Humanism in Renaissance Art
Post on 17-Nov-2014
- 1. Kris Jacobson CIL 505 8/4/11 Adapted from Renaissance Connection
2. How Humanism Changes Renaissance Art
- Changes in art illustrate changes in the Renaissance view of people and their place in the world.
3. Middle Ages
- Middle Ages last from the 3rd Century through the 13 thCentury
- Learning is centered around the church and religion
- Artistic subjects are religious
4. Art in the Middle Ages
- Most art has religious subjects
- Figures always wear clothes
- The size of figures reflects their importance ( hieratic scale )
- Background is often gold, representing heaven
- Figures are represented ideally, not as individuals
- Usedtempera(egg-based) paints
Jacopa di Cione Madonna and Child in Glory 1360/65 Tempera and gold on panel 5.
- Begins in the 14 thCentury
- People begin to read the literature ofClassicalGreece and Rome
- People begin learning about government, philosophy and art from theseClassicalwritings
- People began to study the natural world, astronomy, math, and engineering
- Humans and their relationship to the world become a major focus of art, science, and literature
- Artists created works outside of the church and began to sign their own works.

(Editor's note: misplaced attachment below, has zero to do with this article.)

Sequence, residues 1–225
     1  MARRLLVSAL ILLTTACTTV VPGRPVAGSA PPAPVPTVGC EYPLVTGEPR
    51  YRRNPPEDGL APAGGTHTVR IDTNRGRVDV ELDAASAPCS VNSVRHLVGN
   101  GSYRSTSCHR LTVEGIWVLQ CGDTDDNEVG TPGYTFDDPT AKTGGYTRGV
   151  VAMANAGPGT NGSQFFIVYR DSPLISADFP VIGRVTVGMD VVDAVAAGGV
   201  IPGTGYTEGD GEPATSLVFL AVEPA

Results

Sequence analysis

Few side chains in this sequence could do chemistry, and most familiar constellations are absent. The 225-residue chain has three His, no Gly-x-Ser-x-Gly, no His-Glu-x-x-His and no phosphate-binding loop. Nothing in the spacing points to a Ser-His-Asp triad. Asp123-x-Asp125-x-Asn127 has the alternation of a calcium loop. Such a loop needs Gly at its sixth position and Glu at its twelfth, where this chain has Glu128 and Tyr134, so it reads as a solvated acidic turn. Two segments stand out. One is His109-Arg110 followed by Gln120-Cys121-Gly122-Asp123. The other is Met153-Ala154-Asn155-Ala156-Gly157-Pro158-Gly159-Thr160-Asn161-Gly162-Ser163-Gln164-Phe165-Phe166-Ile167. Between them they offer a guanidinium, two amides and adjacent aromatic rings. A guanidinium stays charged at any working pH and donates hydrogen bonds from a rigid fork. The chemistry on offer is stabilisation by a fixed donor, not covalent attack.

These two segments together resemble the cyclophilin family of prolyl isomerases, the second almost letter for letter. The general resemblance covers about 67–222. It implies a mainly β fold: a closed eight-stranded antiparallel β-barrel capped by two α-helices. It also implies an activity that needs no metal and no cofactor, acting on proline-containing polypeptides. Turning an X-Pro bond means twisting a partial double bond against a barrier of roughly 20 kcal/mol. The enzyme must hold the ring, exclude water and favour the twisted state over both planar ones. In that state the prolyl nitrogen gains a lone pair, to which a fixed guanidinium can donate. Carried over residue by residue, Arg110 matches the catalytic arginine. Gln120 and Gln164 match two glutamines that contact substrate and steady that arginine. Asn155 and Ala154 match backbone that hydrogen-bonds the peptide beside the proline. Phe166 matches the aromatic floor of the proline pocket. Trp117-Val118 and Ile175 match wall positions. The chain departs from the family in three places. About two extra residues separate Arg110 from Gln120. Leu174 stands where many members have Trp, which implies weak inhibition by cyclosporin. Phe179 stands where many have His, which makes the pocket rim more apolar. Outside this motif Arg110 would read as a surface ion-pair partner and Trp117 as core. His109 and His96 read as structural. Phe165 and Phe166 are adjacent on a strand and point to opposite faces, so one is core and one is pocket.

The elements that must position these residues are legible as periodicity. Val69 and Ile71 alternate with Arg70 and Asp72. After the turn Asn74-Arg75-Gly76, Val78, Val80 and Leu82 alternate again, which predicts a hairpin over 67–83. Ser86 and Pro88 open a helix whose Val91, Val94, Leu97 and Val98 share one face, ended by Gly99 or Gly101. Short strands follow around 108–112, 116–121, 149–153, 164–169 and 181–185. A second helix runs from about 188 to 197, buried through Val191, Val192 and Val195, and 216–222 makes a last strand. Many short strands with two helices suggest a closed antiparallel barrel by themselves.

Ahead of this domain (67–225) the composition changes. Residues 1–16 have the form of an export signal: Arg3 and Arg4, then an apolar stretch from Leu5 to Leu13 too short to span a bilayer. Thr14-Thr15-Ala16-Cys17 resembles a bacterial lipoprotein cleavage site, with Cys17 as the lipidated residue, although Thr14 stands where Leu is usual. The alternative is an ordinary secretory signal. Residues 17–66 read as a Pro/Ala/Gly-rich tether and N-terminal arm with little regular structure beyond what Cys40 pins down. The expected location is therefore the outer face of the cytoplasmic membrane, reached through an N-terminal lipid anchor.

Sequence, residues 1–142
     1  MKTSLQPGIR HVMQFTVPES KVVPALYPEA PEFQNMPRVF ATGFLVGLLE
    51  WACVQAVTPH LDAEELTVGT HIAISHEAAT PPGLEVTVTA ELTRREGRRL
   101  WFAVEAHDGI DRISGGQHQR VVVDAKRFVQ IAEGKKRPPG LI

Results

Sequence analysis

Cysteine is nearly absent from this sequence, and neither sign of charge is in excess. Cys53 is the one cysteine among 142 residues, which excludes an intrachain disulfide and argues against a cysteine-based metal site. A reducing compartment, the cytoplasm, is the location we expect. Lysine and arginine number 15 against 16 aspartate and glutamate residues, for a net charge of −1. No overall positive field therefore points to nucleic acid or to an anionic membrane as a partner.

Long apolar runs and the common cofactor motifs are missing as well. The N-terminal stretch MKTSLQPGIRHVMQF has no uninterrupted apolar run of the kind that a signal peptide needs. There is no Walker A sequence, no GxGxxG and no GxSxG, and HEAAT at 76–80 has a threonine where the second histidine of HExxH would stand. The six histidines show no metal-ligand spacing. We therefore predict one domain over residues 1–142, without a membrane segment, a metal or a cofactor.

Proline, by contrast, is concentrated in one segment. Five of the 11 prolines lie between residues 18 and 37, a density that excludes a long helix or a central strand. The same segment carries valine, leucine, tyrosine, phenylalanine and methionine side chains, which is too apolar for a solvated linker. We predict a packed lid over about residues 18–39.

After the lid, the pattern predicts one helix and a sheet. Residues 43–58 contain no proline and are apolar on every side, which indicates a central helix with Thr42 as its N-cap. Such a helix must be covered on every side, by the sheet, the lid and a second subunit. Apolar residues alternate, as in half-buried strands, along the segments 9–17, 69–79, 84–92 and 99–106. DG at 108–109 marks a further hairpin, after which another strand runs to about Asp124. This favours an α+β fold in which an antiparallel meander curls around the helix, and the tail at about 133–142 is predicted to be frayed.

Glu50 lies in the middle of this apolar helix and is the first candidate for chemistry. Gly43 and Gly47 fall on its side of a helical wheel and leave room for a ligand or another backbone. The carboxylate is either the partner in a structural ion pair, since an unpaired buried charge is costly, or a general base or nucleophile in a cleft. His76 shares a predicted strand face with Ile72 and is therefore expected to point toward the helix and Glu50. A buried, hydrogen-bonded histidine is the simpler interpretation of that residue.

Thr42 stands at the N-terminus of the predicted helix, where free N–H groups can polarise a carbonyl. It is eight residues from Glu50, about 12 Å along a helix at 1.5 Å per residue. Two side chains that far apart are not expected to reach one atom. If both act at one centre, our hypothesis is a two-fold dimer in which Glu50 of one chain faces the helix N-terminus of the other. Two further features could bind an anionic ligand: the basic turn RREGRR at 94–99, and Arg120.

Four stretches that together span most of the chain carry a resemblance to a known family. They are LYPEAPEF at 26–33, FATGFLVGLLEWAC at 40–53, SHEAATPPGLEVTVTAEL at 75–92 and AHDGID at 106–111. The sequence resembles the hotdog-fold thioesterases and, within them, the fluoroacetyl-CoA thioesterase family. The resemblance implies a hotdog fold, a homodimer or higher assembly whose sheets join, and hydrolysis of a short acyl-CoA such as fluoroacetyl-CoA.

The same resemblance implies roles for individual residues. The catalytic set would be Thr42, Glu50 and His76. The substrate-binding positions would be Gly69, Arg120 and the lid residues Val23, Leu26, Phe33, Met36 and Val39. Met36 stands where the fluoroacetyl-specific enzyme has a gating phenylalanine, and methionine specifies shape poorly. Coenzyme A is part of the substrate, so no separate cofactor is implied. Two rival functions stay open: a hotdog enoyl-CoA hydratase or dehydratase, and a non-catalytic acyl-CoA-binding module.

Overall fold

Renaissance 6. Art in the Renaissance
- Saintsare depicted as more human
- Saintsare the same size as humans
- Halosfade andeventually disappear
- Naturallandscapeis used as background
- Perspectiveis used to create the appearance of 3 dimensions
- Oil paintgives a more natural appearance of light and shadow and texture
Giovanni Agostino da Lodi Adoration of the Shepherds About 1505 Oil on wood panel 7. Compare the Two Paintings 8.
- Do the artists usehieratic scale ?
- How are thehalosdifferent in each painting?
- Do thelandscapeslook true to life in each picture? Why or why not?
- How do the artists represent distance in each painting?
- Can you tell if the artists usedtemperaoroil paints ?
Questions 9. Details
- Duccio di BuoninsegnaMaest,
- Tempera on wood
- Guiliano Bugiardini
- Madonna and Child with St. John,1510
- Oil on panel